Evans Map Room is located on Level 2 of Berry Library.
Our address, telephone number & e-mail are:
Evans Map Room
Hanover, NH 03755-3525
The collection consists of over 189,000 sheet maps and 3000 atlases, books, journals, CD-ROMS, computer software, globes, and aerial photos. Although, the collection is international in scope, it is particularly strong for New Hampshire, the Upper Connecticut River Valley, and New England.
The Map Room receives maps through the US Federal and Canadian depository programs.
"Outside of some supersaturated computer software there is no more concentrated form of data presentation than the map."1
Besides representing the shape of the land and sea on our planet, a map can show natural phenomena: rocks, soil, climate, ocean currents, wildlife, vegetation; or man-made/man-related features: roads, buildings, population, disease, agriculture, industry, religion, political boundaries, government. A map is similar to a graph — statistics and comparisons can be instantly visualized. Maps are not confined, however, to coverage of the earth; one can find charts or maps of the moon, Mars, Mercury, the heavens, the land of Oz, or Dante's hell.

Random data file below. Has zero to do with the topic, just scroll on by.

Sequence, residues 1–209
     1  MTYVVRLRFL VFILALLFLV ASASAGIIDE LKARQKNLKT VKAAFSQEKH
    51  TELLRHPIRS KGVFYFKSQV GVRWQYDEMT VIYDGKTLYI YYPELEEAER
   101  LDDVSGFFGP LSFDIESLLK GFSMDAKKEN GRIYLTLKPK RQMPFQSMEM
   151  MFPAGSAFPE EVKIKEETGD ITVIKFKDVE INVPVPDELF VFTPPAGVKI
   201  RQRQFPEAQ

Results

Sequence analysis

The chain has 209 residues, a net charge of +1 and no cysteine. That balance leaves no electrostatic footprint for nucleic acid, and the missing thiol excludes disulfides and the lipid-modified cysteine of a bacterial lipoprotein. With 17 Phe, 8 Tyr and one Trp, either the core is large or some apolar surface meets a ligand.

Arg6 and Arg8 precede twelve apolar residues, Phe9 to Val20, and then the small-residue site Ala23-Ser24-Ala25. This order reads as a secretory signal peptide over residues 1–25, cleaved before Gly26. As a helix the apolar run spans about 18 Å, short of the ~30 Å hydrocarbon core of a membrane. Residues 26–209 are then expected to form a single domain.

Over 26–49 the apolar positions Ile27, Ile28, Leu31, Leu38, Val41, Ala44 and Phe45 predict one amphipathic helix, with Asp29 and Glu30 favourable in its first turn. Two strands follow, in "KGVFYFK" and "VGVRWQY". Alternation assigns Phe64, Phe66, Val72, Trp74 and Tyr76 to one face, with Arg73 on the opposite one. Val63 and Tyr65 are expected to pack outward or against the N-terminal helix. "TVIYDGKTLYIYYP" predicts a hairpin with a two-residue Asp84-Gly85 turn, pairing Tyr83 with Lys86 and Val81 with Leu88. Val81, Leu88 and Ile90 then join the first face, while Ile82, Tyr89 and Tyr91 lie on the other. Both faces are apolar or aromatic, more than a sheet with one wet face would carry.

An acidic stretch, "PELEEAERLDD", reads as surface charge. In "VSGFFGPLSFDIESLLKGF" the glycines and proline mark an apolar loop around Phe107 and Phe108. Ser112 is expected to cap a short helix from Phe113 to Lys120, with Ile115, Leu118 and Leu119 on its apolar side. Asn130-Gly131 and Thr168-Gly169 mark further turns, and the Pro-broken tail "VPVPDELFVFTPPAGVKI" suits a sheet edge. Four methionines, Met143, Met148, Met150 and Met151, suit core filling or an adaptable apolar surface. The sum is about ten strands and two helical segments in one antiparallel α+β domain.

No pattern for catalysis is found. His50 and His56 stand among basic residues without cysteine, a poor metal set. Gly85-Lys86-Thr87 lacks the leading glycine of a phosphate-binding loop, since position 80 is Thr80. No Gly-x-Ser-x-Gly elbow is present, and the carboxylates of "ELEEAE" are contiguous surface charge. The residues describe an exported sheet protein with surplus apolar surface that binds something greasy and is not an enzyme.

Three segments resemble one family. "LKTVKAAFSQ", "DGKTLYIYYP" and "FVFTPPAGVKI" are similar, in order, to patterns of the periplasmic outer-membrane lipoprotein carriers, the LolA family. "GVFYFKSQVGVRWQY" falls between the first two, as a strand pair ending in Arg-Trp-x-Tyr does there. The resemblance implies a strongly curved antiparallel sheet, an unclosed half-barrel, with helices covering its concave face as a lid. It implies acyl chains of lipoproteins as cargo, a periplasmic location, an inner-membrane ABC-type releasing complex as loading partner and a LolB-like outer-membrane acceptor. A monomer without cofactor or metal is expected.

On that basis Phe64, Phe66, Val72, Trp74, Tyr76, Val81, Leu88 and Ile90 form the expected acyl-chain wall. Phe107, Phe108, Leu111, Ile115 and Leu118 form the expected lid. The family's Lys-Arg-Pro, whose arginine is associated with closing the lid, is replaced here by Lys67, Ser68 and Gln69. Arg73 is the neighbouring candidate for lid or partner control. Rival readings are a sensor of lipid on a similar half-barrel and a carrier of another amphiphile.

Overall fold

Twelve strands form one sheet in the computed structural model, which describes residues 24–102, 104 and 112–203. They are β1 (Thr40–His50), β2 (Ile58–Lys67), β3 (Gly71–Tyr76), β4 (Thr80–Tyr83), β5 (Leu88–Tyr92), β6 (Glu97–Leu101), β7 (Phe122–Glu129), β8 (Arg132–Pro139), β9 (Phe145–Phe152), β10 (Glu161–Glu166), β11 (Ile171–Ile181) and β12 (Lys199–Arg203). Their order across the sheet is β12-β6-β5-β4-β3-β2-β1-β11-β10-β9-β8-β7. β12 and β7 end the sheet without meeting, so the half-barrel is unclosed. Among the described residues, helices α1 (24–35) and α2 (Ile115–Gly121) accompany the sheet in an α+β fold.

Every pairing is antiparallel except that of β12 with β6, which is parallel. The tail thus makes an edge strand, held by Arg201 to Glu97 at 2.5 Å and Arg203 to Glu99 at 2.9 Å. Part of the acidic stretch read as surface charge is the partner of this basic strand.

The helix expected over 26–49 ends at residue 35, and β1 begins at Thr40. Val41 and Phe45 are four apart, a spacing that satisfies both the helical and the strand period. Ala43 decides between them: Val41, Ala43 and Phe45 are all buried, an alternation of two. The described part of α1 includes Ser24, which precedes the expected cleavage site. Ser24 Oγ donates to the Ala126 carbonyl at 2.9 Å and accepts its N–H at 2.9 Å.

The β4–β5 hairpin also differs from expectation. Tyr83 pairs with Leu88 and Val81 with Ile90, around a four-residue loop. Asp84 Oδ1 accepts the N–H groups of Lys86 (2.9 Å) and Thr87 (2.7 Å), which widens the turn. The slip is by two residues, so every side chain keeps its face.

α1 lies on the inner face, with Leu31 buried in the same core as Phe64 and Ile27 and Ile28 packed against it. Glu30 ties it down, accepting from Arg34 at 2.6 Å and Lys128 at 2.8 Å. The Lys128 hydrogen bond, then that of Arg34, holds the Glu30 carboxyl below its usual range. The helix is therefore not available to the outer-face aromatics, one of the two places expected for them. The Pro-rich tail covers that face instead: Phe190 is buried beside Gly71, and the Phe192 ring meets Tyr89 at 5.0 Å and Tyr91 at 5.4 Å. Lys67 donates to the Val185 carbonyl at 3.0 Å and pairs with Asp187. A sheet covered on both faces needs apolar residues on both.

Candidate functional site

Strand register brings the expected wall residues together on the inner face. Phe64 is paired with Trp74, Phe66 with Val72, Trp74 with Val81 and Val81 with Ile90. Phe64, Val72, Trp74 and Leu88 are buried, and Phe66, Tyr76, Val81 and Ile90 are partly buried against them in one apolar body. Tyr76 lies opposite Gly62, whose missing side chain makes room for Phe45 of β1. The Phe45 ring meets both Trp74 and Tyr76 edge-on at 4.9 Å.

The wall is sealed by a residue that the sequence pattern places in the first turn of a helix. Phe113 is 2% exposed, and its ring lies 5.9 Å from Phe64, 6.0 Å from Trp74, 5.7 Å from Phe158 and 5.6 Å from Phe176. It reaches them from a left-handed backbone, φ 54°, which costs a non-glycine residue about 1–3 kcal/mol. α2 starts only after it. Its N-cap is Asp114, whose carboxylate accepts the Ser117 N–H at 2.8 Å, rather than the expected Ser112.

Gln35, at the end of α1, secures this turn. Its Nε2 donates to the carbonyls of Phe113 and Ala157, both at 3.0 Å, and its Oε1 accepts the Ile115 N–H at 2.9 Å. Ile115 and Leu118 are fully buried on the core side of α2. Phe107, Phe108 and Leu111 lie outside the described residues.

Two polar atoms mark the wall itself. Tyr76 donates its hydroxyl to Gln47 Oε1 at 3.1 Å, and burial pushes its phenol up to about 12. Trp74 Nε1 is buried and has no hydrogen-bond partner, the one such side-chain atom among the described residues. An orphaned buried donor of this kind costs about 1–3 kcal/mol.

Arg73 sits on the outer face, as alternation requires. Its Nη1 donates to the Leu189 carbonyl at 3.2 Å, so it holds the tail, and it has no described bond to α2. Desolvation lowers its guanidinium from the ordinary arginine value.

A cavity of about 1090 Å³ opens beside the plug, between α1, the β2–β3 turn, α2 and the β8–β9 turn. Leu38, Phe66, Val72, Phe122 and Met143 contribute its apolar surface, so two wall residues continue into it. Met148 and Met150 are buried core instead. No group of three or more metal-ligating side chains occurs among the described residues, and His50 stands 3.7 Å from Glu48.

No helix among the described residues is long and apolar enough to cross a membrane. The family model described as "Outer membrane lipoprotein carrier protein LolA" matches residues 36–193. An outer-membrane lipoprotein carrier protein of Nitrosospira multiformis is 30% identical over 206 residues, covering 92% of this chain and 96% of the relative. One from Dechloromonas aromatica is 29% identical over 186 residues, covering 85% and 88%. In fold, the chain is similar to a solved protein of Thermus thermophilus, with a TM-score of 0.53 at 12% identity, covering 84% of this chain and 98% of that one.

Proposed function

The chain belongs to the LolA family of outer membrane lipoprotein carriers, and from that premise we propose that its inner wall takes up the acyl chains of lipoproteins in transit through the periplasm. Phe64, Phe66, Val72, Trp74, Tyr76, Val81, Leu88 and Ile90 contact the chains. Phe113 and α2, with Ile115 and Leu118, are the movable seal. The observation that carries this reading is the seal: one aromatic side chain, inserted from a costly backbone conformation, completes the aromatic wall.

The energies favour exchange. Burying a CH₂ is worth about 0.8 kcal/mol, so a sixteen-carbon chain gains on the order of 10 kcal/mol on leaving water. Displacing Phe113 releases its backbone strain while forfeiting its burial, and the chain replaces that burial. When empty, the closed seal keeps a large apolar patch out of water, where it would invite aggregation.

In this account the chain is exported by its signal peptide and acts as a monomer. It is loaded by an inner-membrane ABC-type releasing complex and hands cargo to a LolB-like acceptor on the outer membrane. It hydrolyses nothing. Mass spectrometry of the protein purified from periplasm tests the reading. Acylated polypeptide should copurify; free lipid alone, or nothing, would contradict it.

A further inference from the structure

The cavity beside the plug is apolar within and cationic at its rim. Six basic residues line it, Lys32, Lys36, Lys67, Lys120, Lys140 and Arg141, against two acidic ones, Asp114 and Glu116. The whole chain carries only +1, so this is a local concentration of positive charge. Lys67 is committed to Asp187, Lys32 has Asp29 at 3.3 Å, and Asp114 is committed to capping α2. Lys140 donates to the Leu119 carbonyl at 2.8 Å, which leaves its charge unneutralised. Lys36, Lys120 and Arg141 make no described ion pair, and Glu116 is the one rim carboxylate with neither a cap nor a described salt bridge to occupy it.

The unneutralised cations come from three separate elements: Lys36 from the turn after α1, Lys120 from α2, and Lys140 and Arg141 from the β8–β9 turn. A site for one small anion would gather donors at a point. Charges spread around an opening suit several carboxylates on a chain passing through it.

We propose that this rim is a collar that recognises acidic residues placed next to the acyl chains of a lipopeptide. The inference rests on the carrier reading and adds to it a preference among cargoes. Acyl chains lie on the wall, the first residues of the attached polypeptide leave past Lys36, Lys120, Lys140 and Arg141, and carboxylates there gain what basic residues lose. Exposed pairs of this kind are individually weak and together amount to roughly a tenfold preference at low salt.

Within the United States, the emphasis of the collection is:
Outside of the United States the emphasis may change according to course demands and world events.
The Evans Map Room houses resources that fall in the following Library of Congress classification:
Some "out of scope" resources, that is those items that do not fall within the categories above but which are useful in the map room, are also found here. These "out-of-scope" items are mostly map reference materials, works on cartography and gazetteers.
All items in the map room have "Map Room" above their call number.
Researchers on cartography or the history of cartography will find that most books on these subjects are shelved in the Baker/Berry main stacks.
1 Spellman, Lawrence. "Value of Maps as Reference Tools," in Map Librarianship, Roman Drazniowski, ed., Metuchen, NJ: Scarecrow Press, Inc., 1975; p. 199.
A special thanks to the writer of A Guide to the Map Room (1978) who provided most of the text for this page.
Last Updated: 1/5/12